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7 2.1 GRF Case Example Summary The impact of GRFs in catalyzing investment into energy and resource efficiency projects is most robustly represented within higher education, where the financing model has been imple- mented most frequently. Three of the four GRF case examples included in this report come from institutions of higher education: Harvard University, Denison University, and Lane Community College. The final example profiles the city of Santa Barbara, a municipality that has developed a GRF and also manages a local airport. Airport perspectives are profiled for Hartsfield-Jackson Atlanta International Airport (ATL) (the busiest airport in the United States) and for smaller airports within the Virginia Department of Aviation. A summary of lessons learned is provided herein and a more detailed discussion of each case example can be found in Appendix C. Higher Education and Municipalities The case examples of established GRFs can offer multiple valuable lessons for airports that are considering the GRF model. For example, Harvardâs experience in setting up a GRF shows that starting with a smaller fund and proving its value can provide a low-risk pathway for creating a large fund over time. Denison demonstrates that it is possible to get a successful GRF operating without initially having tracking and measurement systems in placeâestimates for these effi- ciency projects can be relied on to plan repayments in advance of more robust metering systems. Lane teaches institutions the importance of initially setting up clear fund guidelines and sepa- rating the GRF account from other budgets to ensure that funds are protected from budgetary pressure over time. Santa Barbara reinforces the fact that a backlog of energy efficiency projects represents a perfect opportunity to establish a GRF, and that even the initial attention to detail required to set up the fund can lead to significant utility savings (as the city found a better rate structure and used the resulting $60,000 in savings to capitalize its GRF). Airports Understanding early exploration of the GRF model in airports can also provide useful lessons. At ATL, the challenge in setting up what may be the first airport GRF has been finding enough funding for projects of sufficient size that are worth tracking and revolving savings. Fund cham- pions have pursued unconventional sources of seed capital, identifying several potential sources. These include rebates from the state utility, savings from efficiency projects financed by the cityâs revolving fund, a voluntary charge for travelers, and even revenue generated by airport land management. With the investment of the modest capital raised to date into a relatively small project, the savings are currently too small to justify tracking them. More funding will be needed to establish the airportâs GRF. ATLâs experience demonstrates that even with available sustainability staff committed to the GRF concept, creativity and perseverance may be necessary to generate initial funding for the GRF. It also demonstrates that the strategy of starting with a C H A P T E R 2 Where Are GRFs Already Working?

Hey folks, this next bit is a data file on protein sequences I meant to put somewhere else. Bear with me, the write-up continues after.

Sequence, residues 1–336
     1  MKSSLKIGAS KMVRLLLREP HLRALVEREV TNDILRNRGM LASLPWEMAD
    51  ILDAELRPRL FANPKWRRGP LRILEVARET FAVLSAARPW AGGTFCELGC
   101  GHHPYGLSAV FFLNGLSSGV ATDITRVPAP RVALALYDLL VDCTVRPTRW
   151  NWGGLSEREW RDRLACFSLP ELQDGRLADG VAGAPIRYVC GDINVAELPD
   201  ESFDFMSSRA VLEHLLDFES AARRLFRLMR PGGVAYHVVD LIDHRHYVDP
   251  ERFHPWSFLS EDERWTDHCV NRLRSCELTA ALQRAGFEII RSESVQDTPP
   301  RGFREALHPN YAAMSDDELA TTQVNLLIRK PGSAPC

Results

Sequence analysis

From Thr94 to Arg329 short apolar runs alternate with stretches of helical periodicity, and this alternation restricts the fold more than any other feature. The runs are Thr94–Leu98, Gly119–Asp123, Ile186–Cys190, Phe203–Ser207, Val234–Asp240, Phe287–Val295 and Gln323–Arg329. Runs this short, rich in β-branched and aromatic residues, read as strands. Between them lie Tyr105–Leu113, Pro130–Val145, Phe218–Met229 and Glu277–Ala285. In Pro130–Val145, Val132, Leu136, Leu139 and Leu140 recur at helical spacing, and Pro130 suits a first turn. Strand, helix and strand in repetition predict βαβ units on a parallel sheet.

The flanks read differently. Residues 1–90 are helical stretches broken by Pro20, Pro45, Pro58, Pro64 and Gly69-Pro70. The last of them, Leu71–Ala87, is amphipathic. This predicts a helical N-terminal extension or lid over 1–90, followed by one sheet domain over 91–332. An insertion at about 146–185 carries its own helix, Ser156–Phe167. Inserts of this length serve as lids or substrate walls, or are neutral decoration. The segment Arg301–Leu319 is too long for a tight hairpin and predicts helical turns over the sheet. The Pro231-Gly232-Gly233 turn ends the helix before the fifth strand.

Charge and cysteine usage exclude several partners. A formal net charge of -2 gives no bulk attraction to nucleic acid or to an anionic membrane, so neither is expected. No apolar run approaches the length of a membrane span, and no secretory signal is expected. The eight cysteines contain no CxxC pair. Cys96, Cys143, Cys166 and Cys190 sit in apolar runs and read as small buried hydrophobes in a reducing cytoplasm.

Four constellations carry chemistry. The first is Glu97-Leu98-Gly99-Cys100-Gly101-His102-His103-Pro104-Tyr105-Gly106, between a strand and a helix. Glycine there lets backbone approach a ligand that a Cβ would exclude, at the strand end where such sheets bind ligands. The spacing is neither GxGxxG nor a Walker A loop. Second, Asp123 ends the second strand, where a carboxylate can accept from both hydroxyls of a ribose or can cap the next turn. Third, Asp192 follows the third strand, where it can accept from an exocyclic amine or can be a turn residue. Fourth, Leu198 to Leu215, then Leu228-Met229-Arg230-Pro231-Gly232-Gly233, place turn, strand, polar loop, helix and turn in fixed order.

8 Revolving Funds for Sustainability Projects at Airports smaller GRF to demonstrate the concept must simultaneously ensure that the GRF can finance projects of sufficient scale with savings that merit tracking. If the GRF is too small, it may give the impression that the model doesnât provide sufficient benefit to warrant expansion. Although it is not a traditional GRF, the Virginia Airports Revolving Fund (VARF) provides useful insight on how a state-level variation on the GRF concept could work for smaller airports. The Virginia Department of Aviation established the VARF, and though it is not dedicated to financing sustainability projects, the fund does provide loans to Virginia airports for various projects. These loans must be repaid. The airports have a level of familiarity with the revolving fund model and its ability to operate over time, as well as a potential source of seed funding for establishing their own airport-managed GRFs. State-level revolving funds exist across the United States, and to the extent that they can be utilized by airports, they can serve both as an educational and an early financing role for airports looking to establish their own GRF. The administrative requirements are more manageable when centralized out of a single office for multiple facilities. While GRFs are relatively new to airports, they have been deployed at colleges and universities since the early 2000s. Cities have also implemented GRFs. Because each institution has unique characteristics and organizational structures, it is essential to recognize which GRF features to adapt to work for each airport. While higher education has found value in establishing indepen- dent GRFs, it may be more efficient for smaller airports to participate in a statewide system that is centrally administered (similar to the one in Virginia). The research team suggests reviewing the detailed case examples provided in Appendix C for additional information.